Senate

McConnell opens door to changing 9/11 bill

Victoria Sarno Jordan

Senate Majority Leader Mitch McConnell (R-Ky.) opened the door Thursday to changing legislation that allows families of 9/11 victims to sue Saudi Arabia in U.S. court. 

“I do think it’s worth further discussions, but it was certainly not something that was going to be fixed this week,” he told reporters when asked about a push by some senators to tweak the measure. 

{mosads}Across the Capitol, Speaker Paul Ryan (R-Wis.) agreed that Congress may need to “fix” the legislation, but said he wasn’t sure when that would happen.

“We want to make sure the 9/11 victims and their families had their day in court,” Ryan told reporters. “At the same time, I would like to think that there may be some work to be done to protect our service members overseas from any kind of legal ensnarements that occur, any kind of retribution.”

The legislation, known as the Justice Against Sponsors of Terrorism Act (JASTA), was turned into law on Wednesday after Congress overrode President Obama’s veto. It was the first veto override of Obama’s presidency.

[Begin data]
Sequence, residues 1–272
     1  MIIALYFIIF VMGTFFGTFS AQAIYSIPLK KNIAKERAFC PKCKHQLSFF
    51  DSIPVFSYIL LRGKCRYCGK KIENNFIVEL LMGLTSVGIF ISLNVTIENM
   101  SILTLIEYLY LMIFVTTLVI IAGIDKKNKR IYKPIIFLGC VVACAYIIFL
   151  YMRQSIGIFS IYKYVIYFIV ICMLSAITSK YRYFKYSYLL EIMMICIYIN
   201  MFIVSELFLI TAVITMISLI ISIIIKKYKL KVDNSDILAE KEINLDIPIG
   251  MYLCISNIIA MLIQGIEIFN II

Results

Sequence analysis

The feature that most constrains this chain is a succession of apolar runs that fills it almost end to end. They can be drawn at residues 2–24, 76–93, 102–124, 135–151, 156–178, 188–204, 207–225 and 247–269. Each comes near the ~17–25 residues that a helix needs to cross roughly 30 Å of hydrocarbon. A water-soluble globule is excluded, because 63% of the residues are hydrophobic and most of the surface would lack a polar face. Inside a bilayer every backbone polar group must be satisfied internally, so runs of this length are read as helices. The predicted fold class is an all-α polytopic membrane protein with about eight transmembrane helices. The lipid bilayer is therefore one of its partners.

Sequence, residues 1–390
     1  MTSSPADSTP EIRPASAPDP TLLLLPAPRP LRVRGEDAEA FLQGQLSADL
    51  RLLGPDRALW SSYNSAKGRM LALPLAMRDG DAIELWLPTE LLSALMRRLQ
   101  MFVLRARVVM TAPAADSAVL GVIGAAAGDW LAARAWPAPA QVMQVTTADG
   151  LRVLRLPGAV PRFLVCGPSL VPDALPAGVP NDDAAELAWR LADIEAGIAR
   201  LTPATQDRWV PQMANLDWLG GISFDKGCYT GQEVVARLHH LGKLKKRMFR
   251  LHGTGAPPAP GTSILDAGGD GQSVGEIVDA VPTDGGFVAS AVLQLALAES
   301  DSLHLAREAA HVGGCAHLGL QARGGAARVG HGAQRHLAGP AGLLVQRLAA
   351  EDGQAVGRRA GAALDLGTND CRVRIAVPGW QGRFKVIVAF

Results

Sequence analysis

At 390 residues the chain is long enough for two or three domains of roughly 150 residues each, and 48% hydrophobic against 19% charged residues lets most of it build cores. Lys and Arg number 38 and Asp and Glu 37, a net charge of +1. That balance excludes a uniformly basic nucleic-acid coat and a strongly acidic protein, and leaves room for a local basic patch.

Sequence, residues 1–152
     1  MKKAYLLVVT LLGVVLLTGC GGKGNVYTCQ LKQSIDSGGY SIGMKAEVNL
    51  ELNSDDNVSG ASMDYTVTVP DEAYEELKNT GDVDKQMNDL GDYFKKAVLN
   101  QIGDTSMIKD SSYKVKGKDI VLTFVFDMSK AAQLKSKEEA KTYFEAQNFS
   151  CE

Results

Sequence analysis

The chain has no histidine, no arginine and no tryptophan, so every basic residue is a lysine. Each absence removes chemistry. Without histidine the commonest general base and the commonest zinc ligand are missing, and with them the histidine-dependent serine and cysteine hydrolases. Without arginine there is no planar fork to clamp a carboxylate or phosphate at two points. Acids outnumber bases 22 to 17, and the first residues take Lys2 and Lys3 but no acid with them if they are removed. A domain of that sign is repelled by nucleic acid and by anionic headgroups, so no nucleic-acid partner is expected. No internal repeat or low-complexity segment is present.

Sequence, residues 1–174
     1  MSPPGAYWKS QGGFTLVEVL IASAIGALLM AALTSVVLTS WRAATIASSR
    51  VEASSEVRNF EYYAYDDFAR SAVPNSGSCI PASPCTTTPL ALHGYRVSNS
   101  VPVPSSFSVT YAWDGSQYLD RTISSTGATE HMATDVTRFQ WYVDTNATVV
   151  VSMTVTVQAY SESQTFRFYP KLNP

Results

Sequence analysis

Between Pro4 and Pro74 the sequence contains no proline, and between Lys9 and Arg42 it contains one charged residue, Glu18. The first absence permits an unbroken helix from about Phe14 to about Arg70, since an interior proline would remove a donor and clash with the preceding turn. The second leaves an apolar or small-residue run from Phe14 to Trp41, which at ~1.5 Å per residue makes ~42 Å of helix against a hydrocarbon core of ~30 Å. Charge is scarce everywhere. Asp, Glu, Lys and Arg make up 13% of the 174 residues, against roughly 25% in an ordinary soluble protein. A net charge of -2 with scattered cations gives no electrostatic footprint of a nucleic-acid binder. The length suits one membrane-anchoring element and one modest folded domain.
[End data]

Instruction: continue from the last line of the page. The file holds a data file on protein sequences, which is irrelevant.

Despite the override, 28 senators sent a letter to Sens. John Cornyn (R-Texas) and Charles Schumer (D-N.Y.) expressing concerns about the measure in the hope that the two senators, who spearheaded it, would be willing to amend the law in the future.  

“We would hope to work with you in a constructive manner to appropriately mitigate those unintended consequences,” the senators wrote.

Sen. Lindsey Graham (R-S.C.) said Wednesday that he would like the Senate to take up changes to JASTA as early as the lame-duck session. The Senate is leaving town Thursday until after the November elections.  

“There’s a desire to amend what occurred yesterday to put us in a better place,” said Sen. Bob Corker (R-Tenn.), the chairman of the Senate Foreign Relations Committee.

Though the Senate voted on Wednesday to overwhelmingly nix the president’s veto in a 97-1 vote, some lawmakers said they had misgivings about the bill. They stressed, however, that any push to find an alternative was largely ignored by the Obama administration. 

McConnell echoed that sentiment Thursday, calling the legislation “an example of an issue that we should have talked about much earlier.” 

“You know, that was a good example of — it seems to be a failure to communicate early about the potential consequences of a piece of legislation was obviously very popular,” he said.

– Scott Wong and Mike Lillis contributed.

Tags Bob Corker Charles Schumer John Cornyn Lindsey Graham Mitch McConnell Paul Ryan

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